Chinese oil companies are turning their focus to overseas retail and services markets, as slowing growth in domestic fuel demand makes their traditional home market less attractive.
Sinopec this week agreed to buy Chevron’s 75 per cent stake in a Cape Town refinery, affiliated service stations and convenience stores in South Africa and Botswana for $900m. It was the only remaining bidder after a year-long tender process.
The purchase puts Sinopec in the ranks of international oil companies including ExxonMobil, Royal Dutch Shell, Lukoil, Kuwait Petroleum and PTT of Thailand that operate petrol stations outside their borders.
It also marks a shift among Chinese oil companies’ overseas investments from meeting China’s demand for imports to seeking profits in overseas markets.
“This is just a beginning. In the next three to five years you will see a lot of this,” said Lin Boqiang, dean of the China Institute for Energy Studies at Xiamen university. “Before they were focused on the domestic market, but now that has slowed down. As big companies, they need to keep growing and the domestic market doesn’t have the same upside any more.”
Chinese oil majors overpaid in their rush to secure upstream assets to meet Chinese demand at the peak of the crude boom a decade ago. Many of those deals have since become entangled in allegations of corruption while the sharp drop in oil prices has rendered the fields unprofitable.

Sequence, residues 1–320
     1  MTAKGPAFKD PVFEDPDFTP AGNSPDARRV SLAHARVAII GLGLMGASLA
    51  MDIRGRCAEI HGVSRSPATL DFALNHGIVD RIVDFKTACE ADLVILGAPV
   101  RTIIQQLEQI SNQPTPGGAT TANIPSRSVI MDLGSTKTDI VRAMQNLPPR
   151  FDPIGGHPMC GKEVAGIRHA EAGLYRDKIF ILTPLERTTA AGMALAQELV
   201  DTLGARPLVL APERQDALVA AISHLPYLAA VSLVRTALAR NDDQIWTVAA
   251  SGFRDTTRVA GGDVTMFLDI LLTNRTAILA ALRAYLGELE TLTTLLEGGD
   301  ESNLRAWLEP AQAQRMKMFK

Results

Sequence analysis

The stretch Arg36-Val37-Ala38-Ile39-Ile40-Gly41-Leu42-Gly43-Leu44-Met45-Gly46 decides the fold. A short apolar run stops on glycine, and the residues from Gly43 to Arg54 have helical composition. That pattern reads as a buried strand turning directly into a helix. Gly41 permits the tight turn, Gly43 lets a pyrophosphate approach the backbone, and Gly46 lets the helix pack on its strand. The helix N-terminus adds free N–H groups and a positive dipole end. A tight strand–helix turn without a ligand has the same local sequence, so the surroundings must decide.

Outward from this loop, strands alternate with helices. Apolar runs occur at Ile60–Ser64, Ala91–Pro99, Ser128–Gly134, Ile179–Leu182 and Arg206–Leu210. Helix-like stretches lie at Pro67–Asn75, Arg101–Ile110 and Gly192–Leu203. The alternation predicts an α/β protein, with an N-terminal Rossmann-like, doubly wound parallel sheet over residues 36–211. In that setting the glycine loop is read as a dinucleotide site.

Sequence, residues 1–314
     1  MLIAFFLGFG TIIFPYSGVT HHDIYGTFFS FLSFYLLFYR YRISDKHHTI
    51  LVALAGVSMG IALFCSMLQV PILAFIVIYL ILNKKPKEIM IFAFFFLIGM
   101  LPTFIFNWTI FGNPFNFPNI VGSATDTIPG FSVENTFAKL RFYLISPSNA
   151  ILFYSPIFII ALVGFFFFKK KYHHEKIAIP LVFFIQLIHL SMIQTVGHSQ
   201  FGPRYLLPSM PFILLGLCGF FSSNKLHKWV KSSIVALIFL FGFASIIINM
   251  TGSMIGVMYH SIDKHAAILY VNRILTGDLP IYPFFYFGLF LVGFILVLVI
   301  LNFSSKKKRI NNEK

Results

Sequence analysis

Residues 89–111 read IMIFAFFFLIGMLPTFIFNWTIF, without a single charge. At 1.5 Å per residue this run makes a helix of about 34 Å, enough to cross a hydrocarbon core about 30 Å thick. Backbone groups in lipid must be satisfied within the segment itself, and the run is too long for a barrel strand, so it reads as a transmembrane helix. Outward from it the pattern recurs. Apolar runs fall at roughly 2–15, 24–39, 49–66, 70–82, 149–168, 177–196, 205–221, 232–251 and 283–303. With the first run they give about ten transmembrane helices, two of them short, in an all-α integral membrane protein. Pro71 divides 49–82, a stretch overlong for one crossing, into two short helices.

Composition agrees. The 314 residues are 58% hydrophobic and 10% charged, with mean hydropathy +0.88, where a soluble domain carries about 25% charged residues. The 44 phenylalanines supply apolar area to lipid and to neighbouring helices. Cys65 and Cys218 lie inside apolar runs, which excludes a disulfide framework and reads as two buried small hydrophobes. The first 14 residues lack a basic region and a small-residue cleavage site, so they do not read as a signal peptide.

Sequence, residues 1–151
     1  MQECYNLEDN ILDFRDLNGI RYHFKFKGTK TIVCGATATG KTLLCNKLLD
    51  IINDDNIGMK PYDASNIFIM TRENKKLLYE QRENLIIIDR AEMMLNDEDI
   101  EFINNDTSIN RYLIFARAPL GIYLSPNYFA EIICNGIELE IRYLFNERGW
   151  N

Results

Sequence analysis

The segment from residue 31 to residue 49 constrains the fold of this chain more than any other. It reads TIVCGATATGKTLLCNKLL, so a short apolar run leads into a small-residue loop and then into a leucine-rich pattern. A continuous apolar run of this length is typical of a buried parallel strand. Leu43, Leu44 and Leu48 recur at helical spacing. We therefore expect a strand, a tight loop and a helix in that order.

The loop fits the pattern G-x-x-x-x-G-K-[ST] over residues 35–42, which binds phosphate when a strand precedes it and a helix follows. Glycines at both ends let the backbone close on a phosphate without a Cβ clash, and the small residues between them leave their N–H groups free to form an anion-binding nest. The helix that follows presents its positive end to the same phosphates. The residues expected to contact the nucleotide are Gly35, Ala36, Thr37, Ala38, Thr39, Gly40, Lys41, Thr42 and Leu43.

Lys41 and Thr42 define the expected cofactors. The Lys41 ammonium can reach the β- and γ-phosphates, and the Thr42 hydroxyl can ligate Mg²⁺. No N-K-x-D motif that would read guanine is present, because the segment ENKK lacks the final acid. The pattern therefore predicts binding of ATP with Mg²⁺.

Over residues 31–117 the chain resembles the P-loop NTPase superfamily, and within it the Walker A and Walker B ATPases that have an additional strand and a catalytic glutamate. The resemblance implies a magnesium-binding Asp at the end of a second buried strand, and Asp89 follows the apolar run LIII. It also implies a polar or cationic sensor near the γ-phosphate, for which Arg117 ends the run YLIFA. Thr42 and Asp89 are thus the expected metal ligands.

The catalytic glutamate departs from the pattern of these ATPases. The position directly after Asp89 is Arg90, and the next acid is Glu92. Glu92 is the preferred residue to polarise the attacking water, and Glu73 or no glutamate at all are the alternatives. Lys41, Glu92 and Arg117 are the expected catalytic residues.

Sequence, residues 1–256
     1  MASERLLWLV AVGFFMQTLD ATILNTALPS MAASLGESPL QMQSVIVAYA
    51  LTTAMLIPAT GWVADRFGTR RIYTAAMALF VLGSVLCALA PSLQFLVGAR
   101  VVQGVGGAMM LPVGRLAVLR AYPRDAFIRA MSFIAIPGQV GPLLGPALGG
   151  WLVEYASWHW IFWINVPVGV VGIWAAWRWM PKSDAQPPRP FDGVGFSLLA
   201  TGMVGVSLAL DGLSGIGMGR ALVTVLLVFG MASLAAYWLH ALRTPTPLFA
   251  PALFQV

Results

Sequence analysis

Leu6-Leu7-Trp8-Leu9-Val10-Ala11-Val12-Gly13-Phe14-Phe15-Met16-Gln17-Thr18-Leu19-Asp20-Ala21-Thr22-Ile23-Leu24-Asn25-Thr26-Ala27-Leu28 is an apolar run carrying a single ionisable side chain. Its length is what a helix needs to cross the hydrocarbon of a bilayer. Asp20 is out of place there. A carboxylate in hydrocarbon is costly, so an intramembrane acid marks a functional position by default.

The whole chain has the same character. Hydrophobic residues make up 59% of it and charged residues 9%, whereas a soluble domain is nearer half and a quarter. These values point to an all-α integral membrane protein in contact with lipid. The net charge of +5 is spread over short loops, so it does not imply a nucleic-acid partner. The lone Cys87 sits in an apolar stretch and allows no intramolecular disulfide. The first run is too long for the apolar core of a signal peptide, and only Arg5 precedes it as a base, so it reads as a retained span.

The setback in China’s upstream strategy has rocked the oil services companies, which followed the Chinese majors overseas. Services companies such as Hong Kong-listed Anton Oil, which spun off from China National Petroleum Corp teams in Xinjiang’s Tarim basin, now compete for international oil groups’ business in South America and the Middle East.
“There’s more space to develop” internationally, said Xia Tongmin, deputy chairman of Kerui Petroleum, an oil services group founded by ex-Sinopec executives in 2001. Kerui is offering financing to cash-strapped national oil companies to contract its services, as it expands along with the Chinese government’s “One Belt, One Road” plan.
Foreign oil companies have also gradually pulled out of Chinese upstream and refining investments as that market slows.
But the effort to compete in international oil trading and downstream markets has not been smooth. Sinopec failed in an attempt to build an $841m liquid storage and blending facility in Batam, an Indonesian island 12km from Singapore that would have given it additional trading flexibility in Asian oil markets.
Sinopec Kantons Holdings, its Hong Kong-listed unit, agreed in 2012 to build the storage facility with a local partner, but the joint venture stalled as oil prices dropped.